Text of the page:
Some readers of the Glass Pyramid have requested a Quick Guide to the key points of the MyRBA proposal that they can send to friends and family to get them up to speed quickly.
Here is the 10 Key Point summary.
Following the Quick Guide are a series of links to more detailed posts on aspects of MyRBA for those who like a bit more fibre in their monetary reform proposals.
The MyRBA Quick Guide – 10 Key Points
1. It is our RBA
The Reserve Bank of Australia (RBA) is a publicly owned institution and its balance sheet is the foundation of the Australian monetary system. Every Australian has an interest in that balance sheet. It is time to end the deeply dysfunctional and unproductive RBA / private bank monetary cartel and give the RBA a clearly defined and very limited role as the democratic foundation of our public monetary system.
2. RBA Deposit accounts
The critical reform of the MyRBA proposal is that every Australian will be allowed to operate a deposit account at the Reserve Bank of Australia (RBA).
A MyRBA deposit account at the RBA will be like using notes and coins issued by the RBA only a lot more convenient.
4. 100% safe
A deposit account at the MyRBA is 100% safe and risk free because as the foundation of our monetary system the balance sheet of the Reserve Bank of Australia cannot fail. There are no technical or practical reasons for denying all Australians the right to open and operate a deposit account at the RBA, the safest bank in Australia.
5. End the bank monopoly of RBA deposit accounts
Currently only banks are permitted to operate deposit accounts at the RBA and this means that anyone who wants to operate a bank account is FORCED to enter into a business relationship with a private bank. Naturally, those who trust bonus chasing private bankers with their transaction data more than a bored public servant will be free to keep using a private bank account for transactions.
6. End bankers power to create public money
The key reason that the Australian public continue to be denied access to RBA deposit accounts is because that protects the private banks’ license to create public money out of thin air. Give Australians the right to open and operate MyRBA deposit accounts at the RBA and the private banks must lose their power to create public money. This does not require nationalising the banks or stopping them from lending money (just as non-banks have been happily lending money for years without having the extraordinary privileges the banks possess) . Banks will still have a role just a different role.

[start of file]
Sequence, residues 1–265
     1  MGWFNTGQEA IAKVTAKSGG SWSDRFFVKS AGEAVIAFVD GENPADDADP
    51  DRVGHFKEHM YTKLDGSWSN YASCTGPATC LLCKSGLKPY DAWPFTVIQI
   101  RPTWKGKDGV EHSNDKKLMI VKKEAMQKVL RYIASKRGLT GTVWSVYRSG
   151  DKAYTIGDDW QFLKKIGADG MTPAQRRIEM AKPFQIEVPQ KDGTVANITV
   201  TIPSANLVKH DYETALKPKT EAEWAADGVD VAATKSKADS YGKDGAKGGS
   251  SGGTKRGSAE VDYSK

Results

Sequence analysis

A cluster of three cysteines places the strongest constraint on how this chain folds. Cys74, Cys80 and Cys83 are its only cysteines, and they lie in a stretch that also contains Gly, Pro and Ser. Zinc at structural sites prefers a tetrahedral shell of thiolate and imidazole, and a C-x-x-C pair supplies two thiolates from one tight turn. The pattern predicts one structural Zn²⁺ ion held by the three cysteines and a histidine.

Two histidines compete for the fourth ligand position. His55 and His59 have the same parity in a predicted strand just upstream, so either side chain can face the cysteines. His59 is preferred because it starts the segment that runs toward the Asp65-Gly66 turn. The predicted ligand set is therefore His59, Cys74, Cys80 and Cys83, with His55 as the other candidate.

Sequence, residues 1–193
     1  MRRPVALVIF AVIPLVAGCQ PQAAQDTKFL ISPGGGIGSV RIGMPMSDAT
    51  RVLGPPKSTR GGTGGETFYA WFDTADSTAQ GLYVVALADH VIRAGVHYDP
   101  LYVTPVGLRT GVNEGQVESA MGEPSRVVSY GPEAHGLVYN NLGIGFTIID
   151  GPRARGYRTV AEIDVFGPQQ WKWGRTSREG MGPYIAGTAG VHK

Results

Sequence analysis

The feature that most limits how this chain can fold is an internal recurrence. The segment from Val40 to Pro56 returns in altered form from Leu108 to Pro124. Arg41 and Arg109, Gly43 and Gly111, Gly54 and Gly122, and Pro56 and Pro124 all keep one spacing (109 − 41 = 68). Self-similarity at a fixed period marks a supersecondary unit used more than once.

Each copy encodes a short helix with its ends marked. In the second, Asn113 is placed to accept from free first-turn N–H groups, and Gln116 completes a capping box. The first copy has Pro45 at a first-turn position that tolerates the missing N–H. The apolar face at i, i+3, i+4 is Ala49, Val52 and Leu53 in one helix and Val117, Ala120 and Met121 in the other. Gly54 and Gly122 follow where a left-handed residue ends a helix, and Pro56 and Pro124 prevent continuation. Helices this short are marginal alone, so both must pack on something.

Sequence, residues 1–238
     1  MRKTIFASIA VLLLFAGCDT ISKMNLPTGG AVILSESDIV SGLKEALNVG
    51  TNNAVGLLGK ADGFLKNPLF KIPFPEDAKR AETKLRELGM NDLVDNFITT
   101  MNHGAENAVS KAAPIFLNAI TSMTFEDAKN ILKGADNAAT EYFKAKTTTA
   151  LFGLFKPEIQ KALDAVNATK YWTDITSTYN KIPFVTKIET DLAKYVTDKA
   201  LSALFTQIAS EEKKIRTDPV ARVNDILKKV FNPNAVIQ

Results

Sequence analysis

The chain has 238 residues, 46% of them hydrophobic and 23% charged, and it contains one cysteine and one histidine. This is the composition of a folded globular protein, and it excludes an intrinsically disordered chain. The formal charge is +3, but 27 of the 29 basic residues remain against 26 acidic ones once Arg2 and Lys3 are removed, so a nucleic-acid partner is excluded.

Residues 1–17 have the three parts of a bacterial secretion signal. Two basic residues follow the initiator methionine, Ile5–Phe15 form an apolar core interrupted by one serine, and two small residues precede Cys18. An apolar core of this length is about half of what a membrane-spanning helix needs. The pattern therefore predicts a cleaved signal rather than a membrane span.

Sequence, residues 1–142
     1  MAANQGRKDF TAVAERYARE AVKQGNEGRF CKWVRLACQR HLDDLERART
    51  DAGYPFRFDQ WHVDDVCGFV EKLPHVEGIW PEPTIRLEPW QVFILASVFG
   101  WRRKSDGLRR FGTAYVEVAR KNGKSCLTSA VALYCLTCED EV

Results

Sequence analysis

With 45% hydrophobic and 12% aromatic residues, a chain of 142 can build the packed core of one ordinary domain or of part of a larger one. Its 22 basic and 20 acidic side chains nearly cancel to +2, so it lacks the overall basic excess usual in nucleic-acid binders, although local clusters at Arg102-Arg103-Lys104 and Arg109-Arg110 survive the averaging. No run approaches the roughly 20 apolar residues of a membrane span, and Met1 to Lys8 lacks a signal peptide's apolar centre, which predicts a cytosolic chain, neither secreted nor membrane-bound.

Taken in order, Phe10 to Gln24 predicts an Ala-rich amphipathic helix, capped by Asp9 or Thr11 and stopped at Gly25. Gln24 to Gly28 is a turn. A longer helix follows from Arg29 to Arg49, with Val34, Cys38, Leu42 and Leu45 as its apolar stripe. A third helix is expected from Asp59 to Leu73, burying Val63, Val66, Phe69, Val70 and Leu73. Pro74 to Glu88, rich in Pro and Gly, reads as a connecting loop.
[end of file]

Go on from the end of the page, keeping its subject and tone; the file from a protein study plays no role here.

7. End bankers abuse of the power to create money
Removing the power of private banks to create public money is essential because repeated Royal Commissions and many decades of evidence demonstrate that the banks will always use their power to create public money to put their profits and executive bonuses before the interests of the Australian public.
8. Bank Police – The current system costs the public billions
Protecting the power of private banks to create money, and trying to stop the banks from failing or going bust, is very expensive. It requires a mountain of regulations, constant inquiries and investigations and an army of regulators (i.e. Bank Police) and results in other bad government policies and economic distortions that cost the general public many billions of dollars EVERY year. The rewards to private bankers from corrupting our politicians and regulators with perks and juicy job offers are immense and the revolving door between game keeper and poacher has never spun faster. The public simply cannot afford to continue to underwrite the private bank business model.
9. MyRBA will help build a better and fairer Australia
Giving Australians the right to operate MyRBA accounts is not difficult and will start the process of building a more productive Australian economy that rewards hard work and innovation over speculation, leverage (massive debts) and all the perks and lurks that currently dominant the Australian economy.
10. It is time to fix this problem
The current monetary model where Australians are denied access to deposit accounts at the RBA and the private banks have a license to create public money out of thin air is out of date (it dates from the horse and buggy era), is hopelessly broken, impossible to regulate effectively and it is time to fix the problem.
Links to more detailed posts about MyRBA on the Glass Pyramid (this is a work in progress as more links to past posts are added)
Posts often touch on several of the Key Points. We have grouped posts under the Key Point that is the main focus of the post. Following that are posts on a range of subjects of general relevance to the reform of the public monetary system.
Posts relevant to Key Point 2 – RBA deposit accounts